Title of Book: Modern Principles of Company Law in Ghana
Author: Ferdinand D. Adadzi
Reviewer: Prof. Kofi Abotsi
Dean, UPSA Law School
The book, “Modern Principles of Company Law in Ghana” provides a vital compendium of the law governing the establishment, management, dissolution and post liquidation issues affecting corporations in Ghana. In this guise, the book adds to the rather small library of materials on the subject in the country and bridges the yawning gap in the literature which has existed for some time now. The sheer depth and volume of the book reflects the coverage of the subjects implicated in Ghanaian company law and the core reforms introduced by the new legislation, namely Act 992 of 2019. The book comes at a pivotal time in Ghana when the resilience and survival of companies has become topical and shaped legal and regulatory policy in the country.
The book adopts a simple methodology and analytical style that makes for easy reading. Thus, consistent with standard works on the subject, the textual narrative and analysis is followed by a discussion of cases and other material defined by rigor and critical reflections on the application of the principles as applied in the cases. This style promises to greatly aid in the optimal use of the book as a source material.
More specifically, the book covers the broad spectrum of topics and themes as are contained in the Companies Act (2019) Act 992. Though on companies, the book provides overview of other entities through which business can be undertaken including sole proprietorship, partnership and statutory corporation. On companies, the book begins with such standard and elementary topics such as the establishment of companies and other constituent themes of establishment including the Constitution of companies, promoters, pre-incorporation contracts, capacity and the effect of incorporation. These topics provide a background context for the discussion of the more complex topics to be subsequently treated in the book. But from a more practical perspective, the treatment of these foundational topics affords a good grounding for an understanding of the higher themes treated in the book.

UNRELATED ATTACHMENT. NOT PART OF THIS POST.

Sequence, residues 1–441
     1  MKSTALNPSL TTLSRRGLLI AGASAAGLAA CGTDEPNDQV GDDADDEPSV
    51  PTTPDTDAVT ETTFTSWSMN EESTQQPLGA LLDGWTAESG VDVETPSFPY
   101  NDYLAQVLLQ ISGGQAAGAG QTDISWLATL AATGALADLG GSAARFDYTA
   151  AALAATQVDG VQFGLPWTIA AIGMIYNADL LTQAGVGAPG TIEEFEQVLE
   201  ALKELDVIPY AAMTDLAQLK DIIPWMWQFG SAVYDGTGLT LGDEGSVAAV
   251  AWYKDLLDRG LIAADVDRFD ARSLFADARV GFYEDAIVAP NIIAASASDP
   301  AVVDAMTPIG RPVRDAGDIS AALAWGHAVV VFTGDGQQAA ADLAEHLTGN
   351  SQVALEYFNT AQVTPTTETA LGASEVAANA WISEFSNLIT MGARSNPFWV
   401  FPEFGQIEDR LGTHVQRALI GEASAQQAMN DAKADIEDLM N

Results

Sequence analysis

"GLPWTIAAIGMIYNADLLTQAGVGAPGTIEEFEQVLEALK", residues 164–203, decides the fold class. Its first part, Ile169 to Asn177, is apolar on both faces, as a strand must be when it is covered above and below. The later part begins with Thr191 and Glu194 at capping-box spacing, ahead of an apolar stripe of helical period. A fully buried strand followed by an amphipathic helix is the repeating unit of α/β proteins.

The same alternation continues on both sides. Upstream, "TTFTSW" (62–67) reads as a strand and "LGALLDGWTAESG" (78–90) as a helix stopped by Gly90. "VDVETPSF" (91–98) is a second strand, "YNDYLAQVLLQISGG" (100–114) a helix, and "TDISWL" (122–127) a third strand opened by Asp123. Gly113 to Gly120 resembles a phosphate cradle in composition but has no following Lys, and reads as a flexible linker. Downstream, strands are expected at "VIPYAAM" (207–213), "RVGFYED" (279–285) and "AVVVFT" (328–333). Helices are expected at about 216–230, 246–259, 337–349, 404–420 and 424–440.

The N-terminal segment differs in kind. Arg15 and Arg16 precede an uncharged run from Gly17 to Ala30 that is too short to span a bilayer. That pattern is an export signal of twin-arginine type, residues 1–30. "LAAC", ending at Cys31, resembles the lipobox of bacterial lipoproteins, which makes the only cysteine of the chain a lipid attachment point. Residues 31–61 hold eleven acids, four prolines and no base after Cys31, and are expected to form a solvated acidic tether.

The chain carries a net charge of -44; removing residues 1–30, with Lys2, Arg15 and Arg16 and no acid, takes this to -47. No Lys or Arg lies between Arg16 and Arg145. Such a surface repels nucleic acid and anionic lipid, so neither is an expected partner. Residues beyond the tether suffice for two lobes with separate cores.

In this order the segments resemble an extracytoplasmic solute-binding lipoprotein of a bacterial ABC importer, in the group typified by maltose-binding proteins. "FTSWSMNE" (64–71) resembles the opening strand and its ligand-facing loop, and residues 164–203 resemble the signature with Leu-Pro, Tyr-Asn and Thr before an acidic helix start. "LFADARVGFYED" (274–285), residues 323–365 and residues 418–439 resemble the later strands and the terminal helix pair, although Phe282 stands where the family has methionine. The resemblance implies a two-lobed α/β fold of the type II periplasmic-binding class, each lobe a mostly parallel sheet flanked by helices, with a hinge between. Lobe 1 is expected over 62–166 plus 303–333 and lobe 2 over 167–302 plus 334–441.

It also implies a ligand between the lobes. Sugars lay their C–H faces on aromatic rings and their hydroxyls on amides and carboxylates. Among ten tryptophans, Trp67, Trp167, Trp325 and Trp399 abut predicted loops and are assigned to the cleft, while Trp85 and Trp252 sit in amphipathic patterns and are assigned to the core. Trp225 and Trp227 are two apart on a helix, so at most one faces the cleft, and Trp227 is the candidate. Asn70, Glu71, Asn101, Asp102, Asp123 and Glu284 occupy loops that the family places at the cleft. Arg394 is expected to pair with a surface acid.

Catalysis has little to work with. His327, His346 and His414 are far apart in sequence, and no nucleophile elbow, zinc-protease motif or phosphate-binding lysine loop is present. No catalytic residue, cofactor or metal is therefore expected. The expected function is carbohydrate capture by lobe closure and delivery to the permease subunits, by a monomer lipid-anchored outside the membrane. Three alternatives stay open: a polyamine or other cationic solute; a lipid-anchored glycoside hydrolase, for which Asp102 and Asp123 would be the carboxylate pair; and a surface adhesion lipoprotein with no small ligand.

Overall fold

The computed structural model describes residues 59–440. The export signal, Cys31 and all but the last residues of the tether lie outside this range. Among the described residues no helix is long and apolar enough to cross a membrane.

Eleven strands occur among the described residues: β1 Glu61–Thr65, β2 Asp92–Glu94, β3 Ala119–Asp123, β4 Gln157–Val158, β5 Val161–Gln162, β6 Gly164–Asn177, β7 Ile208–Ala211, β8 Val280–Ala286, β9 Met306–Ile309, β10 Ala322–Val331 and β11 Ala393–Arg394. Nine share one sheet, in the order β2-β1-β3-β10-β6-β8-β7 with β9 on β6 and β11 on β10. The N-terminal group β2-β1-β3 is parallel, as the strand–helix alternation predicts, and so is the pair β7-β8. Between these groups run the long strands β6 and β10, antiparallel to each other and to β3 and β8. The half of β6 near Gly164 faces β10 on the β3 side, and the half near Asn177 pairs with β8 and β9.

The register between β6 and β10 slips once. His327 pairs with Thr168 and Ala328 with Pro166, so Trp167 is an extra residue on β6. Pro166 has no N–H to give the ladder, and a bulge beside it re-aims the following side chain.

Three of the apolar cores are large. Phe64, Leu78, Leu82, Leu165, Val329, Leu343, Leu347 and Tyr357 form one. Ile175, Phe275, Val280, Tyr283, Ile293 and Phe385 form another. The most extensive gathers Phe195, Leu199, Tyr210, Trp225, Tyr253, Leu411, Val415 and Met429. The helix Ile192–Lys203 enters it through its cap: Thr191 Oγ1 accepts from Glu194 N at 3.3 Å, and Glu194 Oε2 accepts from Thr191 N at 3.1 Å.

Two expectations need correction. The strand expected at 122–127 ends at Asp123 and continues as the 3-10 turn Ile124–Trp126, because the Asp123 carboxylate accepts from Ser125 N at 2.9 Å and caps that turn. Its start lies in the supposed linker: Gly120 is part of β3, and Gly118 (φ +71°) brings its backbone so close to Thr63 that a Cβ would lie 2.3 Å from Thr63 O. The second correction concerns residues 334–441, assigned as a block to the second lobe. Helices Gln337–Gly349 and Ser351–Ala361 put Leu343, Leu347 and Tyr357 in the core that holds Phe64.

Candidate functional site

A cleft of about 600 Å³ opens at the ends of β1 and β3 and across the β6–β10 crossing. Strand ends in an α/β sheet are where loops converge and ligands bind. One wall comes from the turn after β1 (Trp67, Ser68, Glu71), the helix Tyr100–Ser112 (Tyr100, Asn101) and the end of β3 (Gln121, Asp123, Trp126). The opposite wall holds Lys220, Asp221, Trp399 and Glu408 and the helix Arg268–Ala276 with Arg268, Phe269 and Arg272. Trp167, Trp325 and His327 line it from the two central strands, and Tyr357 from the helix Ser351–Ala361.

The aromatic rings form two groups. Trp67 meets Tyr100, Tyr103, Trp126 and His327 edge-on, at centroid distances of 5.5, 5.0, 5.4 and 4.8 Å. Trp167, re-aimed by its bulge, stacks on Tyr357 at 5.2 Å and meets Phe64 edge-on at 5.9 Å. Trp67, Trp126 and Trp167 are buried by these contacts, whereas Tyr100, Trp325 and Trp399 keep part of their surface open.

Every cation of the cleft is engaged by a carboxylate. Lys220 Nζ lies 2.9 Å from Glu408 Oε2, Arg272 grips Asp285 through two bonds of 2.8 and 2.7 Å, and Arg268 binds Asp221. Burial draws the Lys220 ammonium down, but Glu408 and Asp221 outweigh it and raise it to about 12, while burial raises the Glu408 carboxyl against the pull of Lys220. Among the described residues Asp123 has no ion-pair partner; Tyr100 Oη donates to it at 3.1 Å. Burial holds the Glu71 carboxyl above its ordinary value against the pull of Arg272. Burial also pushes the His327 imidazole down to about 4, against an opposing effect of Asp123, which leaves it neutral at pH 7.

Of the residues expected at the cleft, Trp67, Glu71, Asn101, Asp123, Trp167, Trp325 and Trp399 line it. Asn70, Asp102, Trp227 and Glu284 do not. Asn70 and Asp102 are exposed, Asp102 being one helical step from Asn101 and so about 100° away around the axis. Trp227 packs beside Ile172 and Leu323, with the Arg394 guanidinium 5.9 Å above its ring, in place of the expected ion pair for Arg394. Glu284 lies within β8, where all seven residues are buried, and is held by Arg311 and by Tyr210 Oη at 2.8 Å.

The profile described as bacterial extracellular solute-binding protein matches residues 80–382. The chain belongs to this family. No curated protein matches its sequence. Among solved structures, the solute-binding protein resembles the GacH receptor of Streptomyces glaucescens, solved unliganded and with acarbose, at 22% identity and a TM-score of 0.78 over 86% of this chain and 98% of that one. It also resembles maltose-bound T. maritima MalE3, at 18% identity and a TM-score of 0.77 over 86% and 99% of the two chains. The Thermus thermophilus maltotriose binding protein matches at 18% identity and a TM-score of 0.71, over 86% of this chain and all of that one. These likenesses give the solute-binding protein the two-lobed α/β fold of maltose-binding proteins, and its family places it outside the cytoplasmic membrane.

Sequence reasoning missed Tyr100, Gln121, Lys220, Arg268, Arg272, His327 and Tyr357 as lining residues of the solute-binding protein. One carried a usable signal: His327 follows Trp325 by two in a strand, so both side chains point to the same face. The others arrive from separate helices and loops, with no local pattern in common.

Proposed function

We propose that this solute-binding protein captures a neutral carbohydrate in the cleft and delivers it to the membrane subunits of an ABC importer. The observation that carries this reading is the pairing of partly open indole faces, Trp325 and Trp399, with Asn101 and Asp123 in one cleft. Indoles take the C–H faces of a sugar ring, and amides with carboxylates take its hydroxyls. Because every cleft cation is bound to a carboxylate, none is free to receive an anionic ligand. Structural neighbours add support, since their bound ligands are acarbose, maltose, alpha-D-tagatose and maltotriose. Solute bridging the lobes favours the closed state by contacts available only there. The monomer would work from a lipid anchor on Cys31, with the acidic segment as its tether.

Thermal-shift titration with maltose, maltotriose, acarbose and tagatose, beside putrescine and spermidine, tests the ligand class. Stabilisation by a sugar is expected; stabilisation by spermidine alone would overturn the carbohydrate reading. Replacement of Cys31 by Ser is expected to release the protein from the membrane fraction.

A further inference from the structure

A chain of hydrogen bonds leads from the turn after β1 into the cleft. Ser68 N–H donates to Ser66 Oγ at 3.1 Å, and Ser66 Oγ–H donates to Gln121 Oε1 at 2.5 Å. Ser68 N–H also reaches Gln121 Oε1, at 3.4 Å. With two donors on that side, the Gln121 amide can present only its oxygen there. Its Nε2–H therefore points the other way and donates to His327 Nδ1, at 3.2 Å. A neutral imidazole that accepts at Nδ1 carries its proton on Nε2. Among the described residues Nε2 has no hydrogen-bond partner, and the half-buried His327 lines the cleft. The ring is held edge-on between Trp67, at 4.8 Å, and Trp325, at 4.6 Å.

The author’s style of analysis further aids in a deconstruction of foundational but topical issues in company law. This is important for grounding in the law and would be a veritable asset for law students wishing to both appreciate and internalize the law in their studies. For example, the author’s discussion of the abolishment or otherwise of the rule on ultra vires is fluid and should appeal to even the uninitiated in law. This makes the book user friendly and one that should be of benefit to lay readers in law.
The author builds on his primary material by delving into more topical but problematic themes such as corporate governance, membership of companies, meetings and deliberations, as well as the role, powers and liability of directors of companies. Mr Adadzi’s work in this book also touches on the thorny issue of corporate capitalization and he discusses equity capitalization through shares, as well as debt financing through debentures. The book’s treatment of the principles and effect of corporate governance as a composite topic, separates it from the pack of similar textbooks and makes it a truly handy material for both students and practitioners. The author correctly and rather succinctly groups the constituent bodies around which corporate governance revolves in the company as (1) shareholders, (2) directors, (3) managing director and managers, (4) auditor and (5) Company Secretary. Within the context of this grouping, I take exception to the author’s discounting of the role of regulatory agencies such as the Bank of Ghana (BoG), whose influencing role act as external agents of corporate governance. The mediating role of the BoG during the banking crisis is illustrative of the need to broaden the scope of the conceptual underpinnings of corporate governance as traditionally treated, given the impact and intermediating influences of regulatory agencies in this vein. The author’s silence on this is perhaps reflective of his concentration on internal structures of governance and hence the traditional systems of governance.